Indigenous Design for Hotels: If it's Tuesday, Are We in Belgium or DC?

By Anthony DiGuiseppe Principal, DiGuiseppe Architect | June 23, 2013

When I was asked to write this article on Design trends in Hospitality one of the ideas that came to me was of the seasoned traveler who longed to experience the world and really experience it. What does that mean? We travel for pleasure, for business, for research, for family, but most of all I travel as most of what I believe others do now and for the past 15 years, for experiences and so the 1969 movie written by Robert Shaw starring Suzanne Pleshette, and Ian Mcshane called "If This is Tuesday We Must Be in Belgium" seemed an appropriate way to begin.

It seems that in the early 60's and 70's what people wanted, and what the marketing directors thought we all wanted was sameness. I call it the Macdonald's syndrome, consistency, the same thing no matter whether you were in Des Moines or LA, or New York or Houston, American demanded the sameness they were to expect or were taught to expect. This rule applied to food, and especially to hotels and the hospitality industry. The Major brands built their pyramids on this concept, the colors the style, the uniforms and the operations were all the same no matter where you stayed, and as the general middle class gained more wealth and their worlds expanded with television and then internet the places that people had access to exponentially increased with each decade.

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W Hotel Istanbul... Old jail converted

The idea of sameness in hotel design and hospitality is a credo is long gone… with the advent of the" boutique" hotel as coined by Ian Schrager, the hotel and where to stay has become an experiential lifestyle choice by the public. All the "Major Hotel Brands" want to have their niche in the boutique hotel lineup. Why? The soothsayers of the industry that we the mavericks had developed hotels that not only provided personalized service but where the antithesis of the brand or the sameness concept. Why were they getting so successful? People like Chip Conley developed small hotels that were local, that embodied the locale culture and art. Hotels were developed in buildings that were not hotels but adapted into hotels from jails, such as the Boston property or the W in Istanbul, or catering to a particular lifestyle like the award winning Iron horse in Milwaukee.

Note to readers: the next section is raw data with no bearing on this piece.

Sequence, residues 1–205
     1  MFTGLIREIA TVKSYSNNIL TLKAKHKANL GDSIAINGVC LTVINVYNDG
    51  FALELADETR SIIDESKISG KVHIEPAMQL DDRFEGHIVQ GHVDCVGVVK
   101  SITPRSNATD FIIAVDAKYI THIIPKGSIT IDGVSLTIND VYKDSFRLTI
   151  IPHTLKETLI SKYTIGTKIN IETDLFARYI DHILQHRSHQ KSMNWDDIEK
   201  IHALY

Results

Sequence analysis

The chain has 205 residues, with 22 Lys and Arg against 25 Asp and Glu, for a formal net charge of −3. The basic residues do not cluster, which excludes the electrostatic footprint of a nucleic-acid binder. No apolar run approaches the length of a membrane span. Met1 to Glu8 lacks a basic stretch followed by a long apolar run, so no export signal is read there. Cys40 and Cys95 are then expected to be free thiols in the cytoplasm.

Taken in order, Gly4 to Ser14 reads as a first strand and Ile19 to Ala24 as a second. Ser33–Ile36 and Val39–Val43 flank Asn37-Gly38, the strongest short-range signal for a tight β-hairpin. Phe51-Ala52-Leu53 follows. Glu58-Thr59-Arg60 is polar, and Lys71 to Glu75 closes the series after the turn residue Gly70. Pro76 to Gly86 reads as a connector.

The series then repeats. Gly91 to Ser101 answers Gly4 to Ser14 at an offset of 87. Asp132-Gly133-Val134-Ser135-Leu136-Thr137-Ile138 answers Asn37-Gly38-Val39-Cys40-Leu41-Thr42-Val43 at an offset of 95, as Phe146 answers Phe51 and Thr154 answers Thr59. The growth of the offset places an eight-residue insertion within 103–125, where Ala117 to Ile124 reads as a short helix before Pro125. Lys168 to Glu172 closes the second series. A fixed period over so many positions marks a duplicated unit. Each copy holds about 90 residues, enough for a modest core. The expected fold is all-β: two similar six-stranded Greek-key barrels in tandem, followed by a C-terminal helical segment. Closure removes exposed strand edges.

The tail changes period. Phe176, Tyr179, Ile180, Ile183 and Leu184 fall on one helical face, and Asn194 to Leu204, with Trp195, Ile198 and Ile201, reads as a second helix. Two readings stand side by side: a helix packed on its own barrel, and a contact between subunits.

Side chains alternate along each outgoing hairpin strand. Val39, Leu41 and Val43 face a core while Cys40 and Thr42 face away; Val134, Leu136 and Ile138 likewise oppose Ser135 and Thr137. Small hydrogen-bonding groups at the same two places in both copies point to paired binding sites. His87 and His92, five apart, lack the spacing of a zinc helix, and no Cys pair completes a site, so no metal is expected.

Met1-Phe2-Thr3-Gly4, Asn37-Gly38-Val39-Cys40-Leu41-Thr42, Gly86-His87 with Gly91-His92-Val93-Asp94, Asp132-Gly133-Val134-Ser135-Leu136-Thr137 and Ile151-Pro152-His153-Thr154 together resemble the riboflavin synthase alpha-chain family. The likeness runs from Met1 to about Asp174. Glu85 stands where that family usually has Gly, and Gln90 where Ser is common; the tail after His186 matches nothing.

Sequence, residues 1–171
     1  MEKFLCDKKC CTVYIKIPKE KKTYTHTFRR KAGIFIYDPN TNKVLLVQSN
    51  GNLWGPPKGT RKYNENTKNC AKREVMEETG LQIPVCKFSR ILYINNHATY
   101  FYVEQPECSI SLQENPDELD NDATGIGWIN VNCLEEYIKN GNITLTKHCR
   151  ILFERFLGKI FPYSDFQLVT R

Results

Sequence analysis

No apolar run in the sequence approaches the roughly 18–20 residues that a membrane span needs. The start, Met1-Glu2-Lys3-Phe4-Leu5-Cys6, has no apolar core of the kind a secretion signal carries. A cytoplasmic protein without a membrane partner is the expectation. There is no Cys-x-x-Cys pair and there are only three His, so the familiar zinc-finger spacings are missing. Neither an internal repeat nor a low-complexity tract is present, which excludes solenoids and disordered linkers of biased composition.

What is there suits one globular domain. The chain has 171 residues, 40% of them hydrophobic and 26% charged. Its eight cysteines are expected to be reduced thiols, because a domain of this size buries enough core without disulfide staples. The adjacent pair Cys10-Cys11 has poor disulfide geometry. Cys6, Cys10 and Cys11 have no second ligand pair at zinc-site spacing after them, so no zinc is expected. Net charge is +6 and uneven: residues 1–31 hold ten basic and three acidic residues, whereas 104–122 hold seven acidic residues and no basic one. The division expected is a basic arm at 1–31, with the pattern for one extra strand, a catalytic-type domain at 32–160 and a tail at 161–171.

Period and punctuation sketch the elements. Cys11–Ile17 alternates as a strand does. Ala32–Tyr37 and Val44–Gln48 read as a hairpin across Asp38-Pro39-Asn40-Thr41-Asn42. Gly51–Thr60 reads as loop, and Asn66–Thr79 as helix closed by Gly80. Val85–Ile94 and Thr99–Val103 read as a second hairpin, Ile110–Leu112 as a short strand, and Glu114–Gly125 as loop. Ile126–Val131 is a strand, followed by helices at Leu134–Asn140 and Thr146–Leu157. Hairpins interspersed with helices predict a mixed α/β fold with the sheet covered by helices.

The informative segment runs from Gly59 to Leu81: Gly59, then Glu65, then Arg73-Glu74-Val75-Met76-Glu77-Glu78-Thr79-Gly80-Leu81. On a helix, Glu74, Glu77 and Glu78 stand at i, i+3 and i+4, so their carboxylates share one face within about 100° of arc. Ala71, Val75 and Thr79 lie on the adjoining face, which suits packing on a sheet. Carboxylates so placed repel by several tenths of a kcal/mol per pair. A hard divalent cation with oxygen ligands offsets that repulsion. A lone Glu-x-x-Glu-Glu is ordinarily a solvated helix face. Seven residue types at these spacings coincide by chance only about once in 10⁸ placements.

So, as hospitality designers, what is changing here in the way we look at a project, what is the storytelling that goes on as I heard Roger Thomas say at one of the HD summits…the idea of what is special about the place we are designing, what does it mean, what was there before this hotel, and what is the indigenous nature of the area, culture that embodies the place we visit for a brief moment in time... that we want to experience when we travel.

We, as designers, need to look further into the past when we think about the concepts of a project. How do we bring in the local art, the culture and the country or locale into the experience that the traveler will experience and come away with a wow, an education that this is really experiencing the local universe?

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Coming up in October 2018...

Revenue Management: Getting it Right

Revenue Management has evolved into an indispensable area of hotel operations, chiefly responsible for setting forecasting and pricing strategies. Because the profession is relatively new to the hotel and hospitality industries, a clear-cut definition of what exactly Hotel Revenue Management is has only recently emerged - Selling the Right Room to the Right Client at the Right Moment at the Right Price on the Right Distribution Channel with the best commission efficiency. Though the profession can be summed up in a single sentence, that doesn't mean it's easy. In fact, it's an incredibly complicated and complex endeavor, relying on mountains of data from a wide range of sources that must be analyzed and interpreted in order to formulate concrete pricing strategies. To accomplish this, Revenue Managers rely on an array of sophisticated technology systems and software tools that generate a multitude of reports that are central to effective decision-making. As valuable as these current technology systems are, much of the information that's collected is based on past historical trends and performance. What's new is the coming of big, data-driven, predictive software and analytics, which is likely to be a game-changer for Revenue Managers. The software has the capacity to analyze all the relevant data and predict occupancy levels and room rates, maximizing hotel profitability in the process. Another new trend that some larger hotel chains are embracing is an emphasis on Booking Direct. For Revenue Managers, this is another new channel with its own sales and costs that have to be figured into the mix. The October issue of the Hotel Business Review will address these developments and document how some leading hotels are executing their revenue management strategies.